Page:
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Deleuze and the enaction of non-sense

Wilson Shearin , Alistair Welchman

pp. 238-265

This chapter examines the ways in which French philosopher Gilles Deleuze offers conceptual resources for an enactive account of language, in particular his extensive consideration of language in The Logic of Sense. Specifically Deleuze's distinction between the nonsense of Lewis Carroll's portmanteau creations and that of Antonin Artaud's "transla- tion" of Carroll's Jabberwocky highlights the need for an enactive, rather than merely embodied, approach to sense-making, particularly with regard to the general category of what Jakobson and Halle (1956) call "sound symbolism".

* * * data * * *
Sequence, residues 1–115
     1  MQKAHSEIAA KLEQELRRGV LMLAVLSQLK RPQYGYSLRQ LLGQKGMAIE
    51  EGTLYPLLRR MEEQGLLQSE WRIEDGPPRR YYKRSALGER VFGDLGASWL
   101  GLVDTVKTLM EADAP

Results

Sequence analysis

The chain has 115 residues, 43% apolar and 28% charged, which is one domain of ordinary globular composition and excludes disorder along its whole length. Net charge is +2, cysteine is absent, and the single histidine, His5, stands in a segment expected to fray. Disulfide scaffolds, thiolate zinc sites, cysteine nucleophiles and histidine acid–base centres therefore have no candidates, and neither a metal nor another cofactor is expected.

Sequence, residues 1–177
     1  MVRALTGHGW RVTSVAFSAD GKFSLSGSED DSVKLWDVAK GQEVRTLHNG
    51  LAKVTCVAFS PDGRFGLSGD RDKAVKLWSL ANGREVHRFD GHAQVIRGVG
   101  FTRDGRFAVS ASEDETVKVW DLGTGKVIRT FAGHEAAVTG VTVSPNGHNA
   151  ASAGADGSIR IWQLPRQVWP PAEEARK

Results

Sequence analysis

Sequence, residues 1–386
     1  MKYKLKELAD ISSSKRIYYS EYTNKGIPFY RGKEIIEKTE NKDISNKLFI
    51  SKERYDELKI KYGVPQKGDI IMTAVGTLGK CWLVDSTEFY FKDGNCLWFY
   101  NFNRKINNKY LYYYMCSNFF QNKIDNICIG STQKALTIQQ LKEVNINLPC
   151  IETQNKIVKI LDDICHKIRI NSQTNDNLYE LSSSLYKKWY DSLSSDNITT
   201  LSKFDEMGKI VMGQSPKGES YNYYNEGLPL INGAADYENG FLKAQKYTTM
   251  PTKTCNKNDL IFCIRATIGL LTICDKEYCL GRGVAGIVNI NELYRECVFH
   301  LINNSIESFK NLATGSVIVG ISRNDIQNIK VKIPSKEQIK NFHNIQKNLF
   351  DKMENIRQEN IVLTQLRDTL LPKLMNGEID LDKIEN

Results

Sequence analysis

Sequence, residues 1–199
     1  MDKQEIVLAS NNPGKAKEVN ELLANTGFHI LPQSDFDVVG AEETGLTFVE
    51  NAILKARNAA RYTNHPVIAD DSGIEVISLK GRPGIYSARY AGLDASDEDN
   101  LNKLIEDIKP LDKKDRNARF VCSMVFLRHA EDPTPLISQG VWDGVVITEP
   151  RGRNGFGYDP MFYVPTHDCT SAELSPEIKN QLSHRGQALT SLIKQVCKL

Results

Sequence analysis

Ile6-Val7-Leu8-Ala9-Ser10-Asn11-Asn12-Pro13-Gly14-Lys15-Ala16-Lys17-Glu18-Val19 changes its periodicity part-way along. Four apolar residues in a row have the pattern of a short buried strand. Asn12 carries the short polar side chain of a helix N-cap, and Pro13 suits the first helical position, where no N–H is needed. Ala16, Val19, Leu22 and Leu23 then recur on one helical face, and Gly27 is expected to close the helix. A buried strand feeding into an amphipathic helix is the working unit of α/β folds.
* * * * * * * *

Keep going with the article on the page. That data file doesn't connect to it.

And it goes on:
Publication details

DOI: 10.1057/9781137363367_10

Full citation:

Shearin, W. , Welchman, A. (2014)., Deleuze and the enaction of non-sense, in M. Cappuccio & T. Froese (eds.), Enactive cognition at the edge of sense-making, Dordrecht, Springer, pp. 238-265.

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